Guest Author - Christine Wilcox
In 12 years of traveling solo for business and not-so-much business purposes, there have only been 3 times that my checked bag was misdirected. But those three times linger with me. I see all the stories about people finding bargains at the Unclaimed Baggage Center and I think to myself that I don't want to see my new dress (or anything else I own) ending up there.
Here are some tips so you can fit 5 days worth of outfits into one standard roller bag.
Pick curly or straight for the week. A flat iron or a curling iron will fit nicely across the bottom of your suitcase up next to the edge. You can buy a small brush - either round or flat - and also use that to style with a hairdryer.
My philosophy is always to start with the foundation - and that means looking realistically at what shoes I'll need for the trip. I limit it to two pairs - and generally, I only take one pair of dress shoes - and that's the pair I'll wear. If I have to take 2 pairs, I plan to wear the bulkier ones on the days that I fly, and I'll pack a nice pair of flats or dressy sandals that I can wear with any of the outfits I'm packing. If I'm going to a hotel that has a fitness center, I'll take my cross trainers. I'll stuff the socks that I'll wear with them inside. The shoes will line the long sides of the suitcase at the bottom.
Here's where you have to be practical - because your shoes will impact every other choice. Black, brown or navy. Make your choice and build the rest of your outfits around that color.
Pants & Skirts
Now that you've narrowed your color choices by your shoe selection, you can pick your pants and skirts. You can easily pack 2 skirts for every one pair of pants, so you can have skirts for each day of your trip. If you're not a skirt girl, you can pack 3 pairs of pants plus a good pair of "travel pants" that you can wear the days that you're flying.
To fold, pull them together like you would if you were hanging them, either in half or on the pleat, and roll them up into a tube. Lay them across the bottom.
In warmer climates, you can pack rayon or silk shirts in half the space that a cotton shirt would take up. Sleeveless shirts are also a good option if the dress code permits (we all can't have Michelle Obama's arms, but wear sleeveless fearlessly nonetheless!).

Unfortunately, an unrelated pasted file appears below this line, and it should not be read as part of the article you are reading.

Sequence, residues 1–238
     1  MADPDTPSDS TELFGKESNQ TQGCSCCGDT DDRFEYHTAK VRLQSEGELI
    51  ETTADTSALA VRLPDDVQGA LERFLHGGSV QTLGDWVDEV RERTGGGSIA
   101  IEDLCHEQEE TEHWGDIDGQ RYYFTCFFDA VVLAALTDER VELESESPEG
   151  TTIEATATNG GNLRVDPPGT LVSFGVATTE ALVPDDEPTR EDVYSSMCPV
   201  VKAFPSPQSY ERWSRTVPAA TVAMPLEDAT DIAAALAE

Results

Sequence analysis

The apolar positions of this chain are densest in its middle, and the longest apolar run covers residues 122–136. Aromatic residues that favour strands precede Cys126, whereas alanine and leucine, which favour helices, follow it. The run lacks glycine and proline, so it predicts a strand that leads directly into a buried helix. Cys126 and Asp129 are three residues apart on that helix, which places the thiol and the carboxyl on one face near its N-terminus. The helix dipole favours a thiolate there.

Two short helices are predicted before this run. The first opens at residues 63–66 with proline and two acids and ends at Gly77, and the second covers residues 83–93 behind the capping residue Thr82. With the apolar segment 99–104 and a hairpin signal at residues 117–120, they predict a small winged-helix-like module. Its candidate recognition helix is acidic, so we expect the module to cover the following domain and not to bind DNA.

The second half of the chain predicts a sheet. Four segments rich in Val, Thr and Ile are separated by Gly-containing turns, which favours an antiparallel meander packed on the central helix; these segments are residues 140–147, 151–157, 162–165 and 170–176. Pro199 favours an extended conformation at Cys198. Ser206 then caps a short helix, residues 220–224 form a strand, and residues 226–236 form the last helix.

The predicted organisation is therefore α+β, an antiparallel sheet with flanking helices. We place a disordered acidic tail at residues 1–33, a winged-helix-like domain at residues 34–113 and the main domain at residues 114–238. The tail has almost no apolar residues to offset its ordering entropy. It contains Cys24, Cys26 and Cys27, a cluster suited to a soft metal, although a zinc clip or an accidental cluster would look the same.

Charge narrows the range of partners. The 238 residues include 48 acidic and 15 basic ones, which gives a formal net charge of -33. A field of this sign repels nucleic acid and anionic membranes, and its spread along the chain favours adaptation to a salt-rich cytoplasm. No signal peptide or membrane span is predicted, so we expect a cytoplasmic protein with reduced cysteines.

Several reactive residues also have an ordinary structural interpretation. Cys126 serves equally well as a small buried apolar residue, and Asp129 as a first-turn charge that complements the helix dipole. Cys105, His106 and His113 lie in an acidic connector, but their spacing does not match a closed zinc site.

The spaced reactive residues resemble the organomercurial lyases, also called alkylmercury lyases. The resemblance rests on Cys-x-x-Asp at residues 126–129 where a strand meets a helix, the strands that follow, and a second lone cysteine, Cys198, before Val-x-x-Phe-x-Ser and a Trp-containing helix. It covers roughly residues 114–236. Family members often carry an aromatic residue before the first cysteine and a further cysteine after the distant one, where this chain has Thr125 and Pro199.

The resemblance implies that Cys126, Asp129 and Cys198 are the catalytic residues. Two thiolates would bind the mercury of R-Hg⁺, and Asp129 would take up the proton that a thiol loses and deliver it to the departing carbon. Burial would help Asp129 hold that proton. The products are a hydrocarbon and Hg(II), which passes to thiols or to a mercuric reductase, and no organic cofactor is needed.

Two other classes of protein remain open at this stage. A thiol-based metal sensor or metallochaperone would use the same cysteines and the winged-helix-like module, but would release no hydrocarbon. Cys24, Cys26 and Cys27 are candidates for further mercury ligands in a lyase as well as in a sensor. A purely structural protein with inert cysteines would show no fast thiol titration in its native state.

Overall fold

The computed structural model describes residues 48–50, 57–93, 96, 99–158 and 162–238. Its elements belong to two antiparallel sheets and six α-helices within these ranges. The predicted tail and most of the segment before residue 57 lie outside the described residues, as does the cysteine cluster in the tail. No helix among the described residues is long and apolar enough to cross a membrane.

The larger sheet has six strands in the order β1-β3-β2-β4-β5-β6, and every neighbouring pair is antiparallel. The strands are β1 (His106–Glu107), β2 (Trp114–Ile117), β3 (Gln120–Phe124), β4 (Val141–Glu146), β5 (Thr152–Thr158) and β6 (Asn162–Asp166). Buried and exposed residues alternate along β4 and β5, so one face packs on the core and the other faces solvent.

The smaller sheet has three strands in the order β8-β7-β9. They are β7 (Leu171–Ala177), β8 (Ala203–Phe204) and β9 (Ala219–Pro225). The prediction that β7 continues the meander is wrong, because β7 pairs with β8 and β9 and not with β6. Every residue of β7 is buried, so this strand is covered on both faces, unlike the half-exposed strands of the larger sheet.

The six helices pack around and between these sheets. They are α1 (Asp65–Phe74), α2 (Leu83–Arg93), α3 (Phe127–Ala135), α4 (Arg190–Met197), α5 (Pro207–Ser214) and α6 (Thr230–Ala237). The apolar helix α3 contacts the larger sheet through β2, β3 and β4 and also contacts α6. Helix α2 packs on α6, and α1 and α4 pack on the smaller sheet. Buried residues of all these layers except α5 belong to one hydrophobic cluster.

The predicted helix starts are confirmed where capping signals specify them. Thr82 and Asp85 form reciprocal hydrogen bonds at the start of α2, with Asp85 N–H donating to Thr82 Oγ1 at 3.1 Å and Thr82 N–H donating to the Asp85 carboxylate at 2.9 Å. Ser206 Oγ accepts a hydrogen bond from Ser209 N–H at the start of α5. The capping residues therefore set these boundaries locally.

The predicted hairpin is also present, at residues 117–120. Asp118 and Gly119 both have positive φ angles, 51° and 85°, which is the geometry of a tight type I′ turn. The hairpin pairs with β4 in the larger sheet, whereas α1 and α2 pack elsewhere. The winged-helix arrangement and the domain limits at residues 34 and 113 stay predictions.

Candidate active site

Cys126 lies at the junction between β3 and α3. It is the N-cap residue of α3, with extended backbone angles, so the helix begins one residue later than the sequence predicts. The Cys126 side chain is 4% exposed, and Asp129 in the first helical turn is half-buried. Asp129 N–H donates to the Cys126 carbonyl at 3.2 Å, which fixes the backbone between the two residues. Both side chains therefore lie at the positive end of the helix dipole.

To fold, either roll or use a traveler's best friend, the Flipfold Clothing Folding Board. You'll find by keeping things uniform, you can save more space. Lay the shirts over the tops of the shoes and pants.
PJ's and other stuff
Anything that's invisible to the outside world can be used to fill spaces. I take a camisole and a pair of shorts to sleep in. They don't take up any space at all. Same goes for socks, nylons, and anything else. If you're taking skirts that are unlined, don't forget your slip! For workout clothing, taking a nylon shirt and short set has the benefit of being easy to rinse and hang dry overnight, as well as being compact and "tuckable."
As for make up, stay sensible. Don't take more than would fit in a quart-sized plastic bag. The less you take, the better!
Use the outside pocket of your suitcase or your other allowed carry-on to stow your quart-sized baggie with your liquids, gels and pastes. You can also throw your toothbrush in there. One time saver for this bag is Downy Wrinkle Releaser, Travel Size Light Fresh Scent, 3 fl oz. You can use it to quickly pull wrinkles out of most of your clothing, and it freshens them up, too!
Let the hotel provide...
Your hairdryer, shampoo, conditioner, and soap. Unless you're really particular, you don't need to waste space on these items.
Fit everything in your carry-on, and you, too, can smile and wave at everyone waiting at baggage claim on your next trip as you stroll on to your destination.